Matzah, Matzah Man
“You are engaging all of the senses of the child,” said Baron. “We have many ways that things become imprinted or recorded in our minds. … [When making matzah] the touch, the taste, the smell, sight, hearing it — the mark is indelible, you can’t erase it even with time.”
Preschoolers from the Ben and Esther Rosenbloom Owings Mills JCC and first-graders from Yeshivas Chofetz Chaim-Talmudical Academy of Baltimore visited the Model Matzah Factory last week. As they sat on the floor, wriggling and chattering with anticipation, Baron took his seat in front of them, wearing an apron and floppy chef’s hat patterned with unmistakable matzah ridges.
The decibel level settled, and Baron welcomed the children, then took great care to explain that the matzah made at the center was not to be taken as kosher for Passover matzah. But the story and process unfolded for the children just the same.
To begin, special “assistant matzah baker hats” were handed out, and all eyes were on Baron as he warned that once the dough begins to rise it becomes chametz, not fit for Passover consumption. He asked the group: “Then how much time do we have to make the matzah?”
“Eighteen minutes!” answered the first-graders in excited unison.
To emphasize the concept of shmurah, or “guarded” matzah, Baron explained that from the moment Passover-designated wheat is cut it is watched over by rabbis. If water touches the wheat while it is in the ground, that isn’t a problem; it just continues to grow. But if the grain becomes wet after being cut, even if it is rained on, the water could make the seeds swell and rise, altering the grain and deeming it not kosher for Passover.
Using plenty of props, Baron showed how seeds are ground and flour is made and explained that in a matzah factory, flour is brought to a special room that contains only flour. There is another room that contains only water. When baking commences — he demonstrated in real time — water is carefully added to the flour outside of each room so as not to accidentally contaminate any remaining flour. The children, who had been listening intently to this point, visibly needed to expend some energy.
Baron played his crowd perfectly. He began to mix the dough vigorously by hand but implored the children that he mixes better when listening to his favorite song — which, he hinted, begins with the word “dayenu.” He barely finished the sentence, and the room erupted with a thunderous round of the Passover classic. Baron mixed faster and faster, floppy hat bouncing and dough flying as the singing continued. Finally it was time for the assistants to step in.
The children lined up at long tables covered in white cloths and flour. Teachers and parents handed out pre-rolled matzah dough balls, and the next few minutes were filled with a flurry of pounding hands, spinning rolling pins, flat dough rounds hole-punched within an inch of their lives and adults racing from table to table where assistance was needed. As the urgency to complete within 18 minutes rose, so did the decibel level.
Quickly students formed a line and with matzah dough draped over hands, walked to the kitchen where Baron had secured an industrial-size oven. One by one the rounds were loaded onto the racks to the delighted squeal of students. A scorching 800 degrees and about 60 seconds later, out came the piping-hot matzah.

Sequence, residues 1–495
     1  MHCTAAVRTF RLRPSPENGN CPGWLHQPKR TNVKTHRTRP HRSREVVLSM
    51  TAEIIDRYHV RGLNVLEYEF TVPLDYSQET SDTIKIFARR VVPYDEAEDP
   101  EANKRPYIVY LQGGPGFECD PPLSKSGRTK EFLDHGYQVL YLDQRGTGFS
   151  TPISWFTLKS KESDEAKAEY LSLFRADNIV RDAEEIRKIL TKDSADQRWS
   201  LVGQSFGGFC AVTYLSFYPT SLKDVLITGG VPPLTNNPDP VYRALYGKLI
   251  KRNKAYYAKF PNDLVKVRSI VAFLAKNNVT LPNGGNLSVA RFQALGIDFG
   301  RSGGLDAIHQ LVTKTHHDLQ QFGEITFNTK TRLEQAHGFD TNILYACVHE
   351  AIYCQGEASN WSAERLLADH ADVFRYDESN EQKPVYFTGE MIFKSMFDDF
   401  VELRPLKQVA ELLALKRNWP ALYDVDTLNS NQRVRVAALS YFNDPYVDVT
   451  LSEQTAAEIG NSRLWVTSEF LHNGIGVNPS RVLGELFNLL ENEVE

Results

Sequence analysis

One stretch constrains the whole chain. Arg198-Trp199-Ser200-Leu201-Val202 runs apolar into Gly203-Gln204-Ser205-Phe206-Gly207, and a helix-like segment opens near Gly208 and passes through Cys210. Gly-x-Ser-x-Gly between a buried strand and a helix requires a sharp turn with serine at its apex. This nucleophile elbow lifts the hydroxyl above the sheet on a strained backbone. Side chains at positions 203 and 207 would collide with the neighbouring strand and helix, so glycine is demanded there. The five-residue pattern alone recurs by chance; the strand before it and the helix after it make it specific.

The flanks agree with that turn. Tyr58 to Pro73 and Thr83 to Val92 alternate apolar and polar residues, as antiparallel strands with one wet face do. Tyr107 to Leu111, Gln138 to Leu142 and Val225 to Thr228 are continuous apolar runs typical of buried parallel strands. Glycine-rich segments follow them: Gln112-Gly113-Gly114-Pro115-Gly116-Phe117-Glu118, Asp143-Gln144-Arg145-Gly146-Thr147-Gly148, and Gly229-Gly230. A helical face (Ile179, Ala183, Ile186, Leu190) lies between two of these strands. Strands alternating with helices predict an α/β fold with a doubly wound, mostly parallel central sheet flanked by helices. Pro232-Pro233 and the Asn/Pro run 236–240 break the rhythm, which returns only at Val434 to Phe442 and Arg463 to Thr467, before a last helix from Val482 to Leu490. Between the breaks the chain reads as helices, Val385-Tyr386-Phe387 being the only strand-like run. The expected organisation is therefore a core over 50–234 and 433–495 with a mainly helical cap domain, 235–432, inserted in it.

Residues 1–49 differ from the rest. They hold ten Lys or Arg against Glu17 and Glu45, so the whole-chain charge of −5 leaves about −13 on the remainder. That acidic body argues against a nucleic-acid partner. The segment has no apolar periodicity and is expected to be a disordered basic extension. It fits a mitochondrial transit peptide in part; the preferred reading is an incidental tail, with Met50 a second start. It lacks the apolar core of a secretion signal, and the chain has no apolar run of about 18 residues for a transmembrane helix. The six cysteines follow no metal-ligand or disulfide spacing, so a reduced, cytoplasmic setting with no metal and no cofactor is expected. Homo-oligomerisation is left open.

The children recited the Hamotzi blessing and finally tasted their efforts. The decibel level rose again, this time with crunching and chewing.
“I think the best part is that it brings Passover to life for the children,” said Ilene Meister, director of early childhood development at the Owings Mills JCC. “The appreciation of what our ancestors went through is also something they realize.”
Meister, who has seen two generations of children travel to the Model Matzah Factory, said as a bus was pulling away recently — carrying the next group of kids down to Columbia — there was a mother who was so excited because her kids were about to experience the same matzah factory she went to visit as a child.
Baron said he began coming to the Columbia area about 30 years ago with friends from rabbinical school.
“We’d get ourselves some ‘Shabbos to go,’ hop in a Plymouth Valiant Slant Six and drive down.”
The Model Matzah Factory began at an “unknown Chabad location,” and it was so popular, other centers began replicating the event around the nation. When Baron settled in Columbia as director of Chabad, he made it a point to set up matzah baking as part of his activities.
In almost three decades, he hasn’t run out of flour or water and the oven has always worked — even the smoke alarm stopped going off once the proper ventilation for the oven was placed, said Baron, laughing.
The rabbi doesn’t feel the need to retire any time soon. He said it still warms his heart when he is out somewhere during Passover and he hears a small child say to his or her parent, “Look, there’s the Matzah Man!” He could give up the duty to a younger rabbi or rabbinical student, but he believes it is an important way to make connection with the community and allow young people to develop a relationship with a rabbi.
“The Lubavitcher Rebbe said that a person should never retire,” said Baron. A career that has forced retirement is one thing, “but when it comes to doing mitzvot, and study of Torah or helping others study Torah, then you keep on doing what you can.”
Chabad Lubavitch Center of Howard County
770 Howes Lane in Columbia
Open house, Sunday April 6
3 p.m. to 5 p.m. (includes Matzah Factory)
Chametz burning on Monday, April 14 at 11:30 a.m.
Community Seder on Monday, April 14 at 8 p.m.
All are welcome at no charge; contributions are appreciated but not required.
Reserve a spot by contacting 410-740-2424 or visiting lubavitchhowardcounty.org